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Over the course of a film career spanning more than thirty years, Adam Sandler has developed into quite the comic obscurant. On the one hand, Sandler has signed his name to half a dozen sophisticated, relatively subtle, indie comedies, such as âSpanglishâ, âPunch Drunk Loveâ and âFunny People,â even delving into the realm of politically charged drama with 2007′s âReign Over Me.â On the other hand, though, Sandler must also be held responsible for some of the most asinine, sophomoric, underdeveloped schlock-fests that have ever entered the suspiciously sticky DVD players of pimply, teenage, glue sniffers. Having established the development of these two aesthetic extremes in Sandler’s extensive catalogue, it is only fair to point out that 90% of his movies sit comfortably in a middle-of-the-range space between âartfulâ and âvomitous.â
And yet, no-one would dare accuse Happy Madison Production’s newest offering, âThat’s My Boy,â (directed by Sean Anders) of cinematic fence-sitting.
The plot of the movie, without giving away the twist– and it is a doozy– is this: mathematically gifted, 12 year old delinquent, Donny Berger is involved in a sexual liaison with his 22 year old teacher, Mary McGarricle, the products of which are a son, Han Solo, and a brief period of gainful notoriety. Skip ahead twenty years or so, and Donny (Adam Sandler) is estranged from the renamed, and very successful, Todd (Andy Samberg) and living in obscurity with an enormous debt owed to the IRA. To ease his financial troubles, Donny brokers a deal with a talk-show host to organize a reunion between himself, his son and his imprisoned ex-lover (Susan âwhat was she thinking?â Sarandon.) Seeing a notice in the paper advertising Todd’s impending wedding to WASPish socialite Jaime (tragically underused Leighton Meester), Berger decides to reconnect with his son in the hopes of tricking him into the show. The rest of the movie is 114 minutes of sperm jokes, violent diarrhea, and rampant racism, sexism and a host of other â-ismâs that might, if listed in full, have prolonged Ferris Bueller’s seminal shower by a good 20 minutes.
But, leaving aside the smaller problems of the movie– not that Sandler’s inability to follow-through with a single potent punchline in a film that markets itself as a goofball comedy is by any means a small problem — âThat’s My Boyâ has one, major flaw that doomed the movie even in its most fledgling stages of development. And that is this: statutory rape is not hilarious.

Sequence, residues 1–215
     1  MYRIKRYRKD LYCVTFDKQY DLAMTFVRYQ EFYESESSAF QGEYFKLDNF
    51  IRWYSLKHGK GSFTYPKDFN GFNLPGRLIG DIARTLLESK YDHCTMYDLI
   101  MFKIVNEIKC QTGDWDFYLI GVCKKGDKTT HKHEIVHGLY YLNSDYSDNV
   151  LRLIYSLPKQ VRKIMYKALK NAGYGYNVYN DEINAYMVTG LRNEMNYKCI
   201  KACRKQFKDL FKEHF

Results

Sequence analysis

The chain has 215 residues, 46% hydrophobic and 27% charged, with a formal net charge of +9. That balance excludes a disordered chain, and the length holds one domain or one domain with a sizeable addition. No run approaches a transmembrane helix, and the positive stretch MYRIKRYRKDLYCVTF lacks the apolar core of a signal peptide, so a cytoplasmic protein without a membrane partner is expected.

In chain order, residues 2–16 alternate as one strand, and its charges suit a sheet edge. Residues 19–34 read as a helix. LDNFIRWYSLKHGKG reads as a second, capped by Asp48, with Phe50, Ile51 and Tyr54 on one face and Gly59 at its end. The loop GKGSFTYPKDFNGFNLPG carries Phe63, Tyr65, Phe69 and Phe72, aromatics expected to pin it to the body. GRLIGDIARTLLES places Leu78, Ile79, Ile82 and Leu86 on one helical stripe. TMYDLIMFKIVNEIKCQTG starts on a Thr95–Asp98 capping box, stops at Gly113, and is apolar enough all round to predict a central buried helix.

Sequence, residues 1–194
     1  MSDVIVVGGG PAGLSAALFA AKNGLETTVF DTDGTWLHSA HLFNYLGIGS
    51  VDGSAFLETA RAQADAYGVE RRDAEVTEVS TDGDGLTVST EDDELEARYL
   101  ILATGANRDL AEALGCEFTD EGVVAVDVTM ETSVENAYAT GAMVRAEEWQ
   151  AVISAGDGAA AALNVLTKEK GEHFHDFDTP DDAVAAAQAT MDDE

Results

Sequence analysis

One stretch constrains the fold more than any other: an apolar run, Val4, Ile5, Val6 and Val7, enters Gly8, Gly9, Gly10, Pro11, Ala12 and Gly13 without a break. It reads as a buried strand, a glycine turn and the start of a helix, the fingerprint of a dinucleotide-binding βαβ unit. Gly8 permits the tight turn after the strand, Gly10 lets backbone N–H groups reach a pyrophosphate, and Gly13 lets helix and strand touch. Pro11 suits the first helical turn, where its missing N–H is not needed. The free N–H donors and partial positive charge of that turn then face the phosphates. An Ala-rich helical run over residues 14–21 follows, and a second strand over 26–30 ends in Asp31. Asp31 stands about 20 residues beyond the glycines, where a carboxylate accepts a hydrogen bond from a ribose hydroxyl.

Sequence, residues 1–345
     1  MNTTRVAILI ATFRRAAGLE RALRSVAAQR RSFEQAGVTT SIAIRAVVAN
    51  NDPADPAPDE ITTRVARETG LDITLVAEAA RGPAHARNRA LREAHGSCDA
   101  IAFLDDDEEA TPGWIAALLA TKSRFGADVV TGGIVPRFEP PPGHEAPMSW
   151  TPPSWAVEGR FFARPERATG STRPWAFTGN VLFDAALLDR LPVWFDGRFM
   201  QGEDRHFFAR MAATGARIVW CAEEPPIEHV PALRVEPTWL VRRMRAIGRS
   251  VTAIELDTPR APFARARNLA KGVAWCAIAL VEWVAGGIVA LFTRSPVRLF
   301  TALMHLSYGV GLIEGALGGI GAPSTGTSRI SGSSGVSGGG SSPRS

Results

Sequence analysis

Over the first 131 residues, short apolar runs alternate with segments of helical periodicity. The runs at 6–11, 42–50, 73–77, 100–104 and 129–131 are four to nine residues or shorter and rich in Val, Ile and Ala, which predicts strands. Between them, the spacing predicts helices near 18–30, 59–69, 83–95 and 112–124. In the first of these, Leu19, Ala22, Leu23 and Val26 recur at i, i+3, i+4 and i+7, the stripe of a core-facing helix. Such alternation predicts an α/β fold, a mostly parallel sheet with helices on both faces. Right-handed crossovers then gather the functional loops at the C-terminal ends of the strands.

The thing is, irreverence and the tackling of taboos through humour can be well done. In recent times, Hollywood has produced a number of extremely funny and often beautifully made, dark comedies that tackle sensitive, socio-historical issues head on. Standout examples of semi-recent subversive laugh-a-minute films include, Morris’ âFour Lionsâ, a riotous indie film about Muslim-English suicide bombers, Tarantino’s âInglourious Basterds,â a movie that dared to poke fun at the Third Reich, and, most topically, Reitman’s âJuno,â which revolves around the subject of teen pregnancy.
Yet, there remains a vast difference between any one of the movies above and ‘That’s My Boyâ– quite apart from the fact that those films are hilarious, and the only funny thing about the Sandler movie is that anyone with functioning eyes and ears paid to see it– because, where the other movies have the good sense to not make fun of the central kernel of struggle within the movie, the characters of âThat’s My Boyâ barge into the dark world of sexual abuse and bumble about in there without the weakest flashlight of self-awareness. To put it another way, âFour Lionsâ makes jokes about acts of faith, but not faith, âInglorious Basterdsâ mocks Hitler but not the holocaust, âJunoâ plays with the physical state of pregnancy in high-school, but not the emotional toll of growing up fast. By contrast, âThat’s My Boyâ does not discriminate between pressure points within the incredibly traumatic subject of statutory rape and its consequences, and makes the entire underage teacher-student relationship — the inciting incident that creates the tension for the whole film– into a big, colossally unfunny, joke.
Somewhere, very, very deep down inside the soul of this uncharismatic well of one-liner ejaculate, there is something that needs to be said. Indeed, Sandler manages to pull off a few, incredibly sparse, genuinely touching incidences between himself and Samberg in which there is a momentary glimpse into the unique perspective of a tragically young dad trying valiantly to bring up a son while going through his own, rocky, coming of age journey. Those flashpoints of honesty between parent and child, in conjunction with a series of scene stealing performances by the utterly charming Vanilla Ice– who should have â[flown] like a harpoon daily and nightlyâ away from this movie–, may almost have redeemed the rest of the film. Unfortunately, they are, more often than not, quickly smothered by shots of obese prostitutes firing pool-balls from their hoo-has at mentally challenged yokels.
Previously, I had assumed that Sandler continued to produce this kind of movie, the kind of movie firmly entrenched within the “vomitous” camp of his stylistic spectrum, because he has no respect for his audience beyond the money they persist in offloading into his already overflowing pockets. Now, post-âThat’s My Boy,â I know this to be the case, and, perversely, this knowledge makes me feel both better about this specific movie and about Sandler’s movie making career as a whole. Ah, yes indeed, free market capitalism is alive and well.
Image Courtesy of Â That’s My Boy